Baltimore Sun TV Writer Swoons over Treme
The weak headline “Simon’s new series captures New Orleans moments” on the Baltimore Sun TV writer’s piece on Treme doesn’t give a clue to his powerful reaction below the fold.
In 30 years of writing about television, I have never heard music used as organically, wisely and powerfully as it is in the new HBO drama, “Treme,” from Baltimore writer David Simon and playwright Eric Overmyer…
The 80-minute pilot episode opens on a street parade and closes on a funeral procession. The former, with its screaming brass, syncopated bass drum and snake-hipped dancers, lifted me out of my seat and instantly transported me into the bombed-out landscape of post-Katrina New Orleans, where the series is set.
The latter, with its dirge-like, slower-than-the-slowest-rhythm-you-can-imagine version of “A Closer Walk with Thee,” touched me in a psychic place that has nothing to do with rational thought, criticism or even words. It drilled deep down into that primitive place in the collective psyche where the origins of dance, religion, death, music and tribalism are found. At least, that’s where psychologist Carl Jung said they come from.
Whew. I am not going to try and analyze it for now. Let me offer a confessional moment instead. As the camera pulled up and back for its final overhead shot of the funeral procession passing boarded-up homes alongside a cemetery in deep decay, I just sat there in front of the screen enthralled – oblivious to everything else.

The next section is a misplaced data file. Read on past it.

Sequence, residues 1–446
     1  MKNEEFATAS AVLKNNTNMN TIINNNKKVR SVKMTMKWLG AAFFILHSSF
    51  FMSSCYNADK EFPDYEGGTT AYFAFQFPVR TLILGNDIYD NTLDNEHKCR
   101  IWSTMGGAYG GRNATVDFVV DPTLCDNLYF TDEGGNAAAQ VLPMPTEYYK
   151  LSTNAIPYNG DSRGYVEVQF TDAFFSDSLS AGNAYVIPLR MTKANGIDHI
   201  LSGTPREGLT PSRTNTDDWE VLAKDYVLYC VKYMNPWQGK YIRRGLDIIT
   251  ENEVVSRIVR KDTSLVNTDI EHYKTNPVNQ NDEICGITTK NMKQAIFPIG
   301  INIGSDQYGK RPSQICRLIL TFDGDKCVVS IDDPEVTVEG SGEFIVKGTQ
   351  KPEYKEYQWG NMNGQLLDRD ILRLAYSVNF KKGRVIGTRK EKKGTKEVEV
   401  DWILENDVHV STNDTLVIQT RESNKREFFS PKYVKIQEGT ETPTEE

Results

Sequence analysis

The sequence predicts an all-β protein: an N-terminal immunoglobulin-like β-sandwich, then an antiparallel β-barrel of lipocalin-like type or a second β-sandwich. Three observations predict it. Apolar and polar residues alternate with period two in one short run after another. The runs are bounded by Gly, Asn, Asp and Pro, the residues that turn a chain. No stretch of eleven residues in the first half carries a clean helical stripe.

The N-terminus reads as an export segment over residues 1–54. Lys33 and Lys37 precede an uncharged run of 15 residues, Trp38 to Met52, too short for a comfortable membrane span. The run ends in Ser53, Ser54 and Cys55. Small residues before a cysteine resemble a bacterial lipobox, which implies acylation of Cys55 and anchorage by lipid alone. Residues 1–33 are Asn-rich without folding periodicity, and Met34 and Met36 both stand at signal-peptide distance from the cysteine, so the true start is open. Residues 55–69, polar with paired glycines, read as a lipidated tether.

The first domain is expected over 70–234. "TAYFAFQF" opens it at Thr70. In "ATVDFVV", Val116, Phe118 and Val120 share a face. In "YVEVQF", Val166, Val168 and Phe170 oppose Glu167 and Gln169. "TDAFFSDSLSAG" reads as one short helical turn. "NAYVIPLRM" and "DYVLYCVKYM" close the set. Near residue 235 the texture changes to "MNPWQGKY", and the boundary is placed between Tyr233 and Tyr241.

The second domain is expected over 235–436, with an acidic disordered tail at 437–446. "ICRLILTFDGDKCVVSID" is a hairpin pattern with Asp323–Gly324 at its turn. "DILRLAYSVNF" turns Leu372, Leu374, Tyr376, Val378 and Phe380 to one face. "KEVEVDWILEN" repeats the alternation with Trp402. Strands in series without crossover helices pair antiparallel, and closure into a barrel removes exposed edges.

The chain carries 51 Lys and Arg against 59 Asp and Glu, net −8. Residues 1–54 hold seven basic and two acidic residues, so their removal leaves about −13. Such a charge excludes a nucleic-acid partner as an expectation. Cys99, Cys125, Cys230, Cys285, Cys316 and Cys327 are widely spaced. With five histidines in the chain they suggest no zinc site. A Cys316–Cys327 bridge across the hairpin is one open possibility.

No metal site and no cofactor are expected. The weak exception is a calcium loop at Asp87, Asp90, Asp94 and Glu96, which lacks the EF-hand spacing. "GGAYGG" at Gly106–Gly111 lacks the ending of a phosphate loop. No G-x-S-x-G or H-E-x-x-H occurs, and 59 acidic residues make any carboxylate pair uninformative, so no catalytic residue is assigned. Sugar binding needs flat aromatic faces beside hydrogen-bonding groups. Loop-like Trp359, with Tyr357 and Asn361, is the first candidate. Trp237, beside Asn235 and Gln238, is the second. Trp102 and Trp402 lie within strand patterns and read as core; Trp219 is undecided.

I don’t know why. But I do know that I have reacted with such intensity fewer than a dozen or so times in writing about TV: once with “Homicide: Life on the Street;” three times with “The Sopranos;” and at the ends of Ken Burns’ “The Civil War” and Spike Lee’s “When the Levees Broke.” (The influence of “When the Levees Broke” on “Treme” is unmistakable, particularly in that final scene.)
I know there are a few other such moments, but that’s what I recall off the top of my head. And when you cut through all the lofty critic talk, these are the moments on which I base my belief that TV is capable of great art.
— wet bank guy
P.S. Fair use and comment consistent with USC 17 Chapter 1 Title 107 blah blah blah. All typos are probably mine. Just sayin’.